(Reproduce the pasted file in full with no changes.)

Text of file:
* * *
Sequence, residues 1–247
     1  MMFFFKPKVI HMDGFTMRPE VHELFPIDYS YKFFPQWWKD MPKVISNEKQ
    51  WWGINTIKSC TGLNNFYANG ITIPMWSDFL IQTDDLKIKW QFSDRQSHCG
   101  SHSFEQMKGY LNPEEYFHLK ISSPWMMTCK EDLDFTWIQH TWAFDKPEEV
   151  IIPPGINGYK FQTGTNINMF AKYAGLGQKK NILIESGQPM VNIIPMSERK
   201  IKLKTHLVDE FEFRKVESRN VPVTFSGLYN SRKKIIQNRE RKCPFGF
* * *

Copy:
Sequence, residues 1–247
     1  MMFFFKPKVI HMDGFTMRPE VHELFPIDYS YKFFPQWWKD MPKVISNEKQ
    51  WWGINTIKSC TGLNNFYANG ITIPMWSDFL IQTDDLKIKW QFSDRQSHCG
   101  SHSFEQMKGY LNPEEYFHLK ISSPWMMTCK EDLDFTWIQH TWAFDKPEEV
   151  IIPPGINGYK FQTGTNINMF AKYAGLGQKK NILIESGQPM VNIIPMSERK
   201  IKLKTHLVDE FEFRKVESRN VPVTFSGLYN SRKKIIQNRE RKCPFGF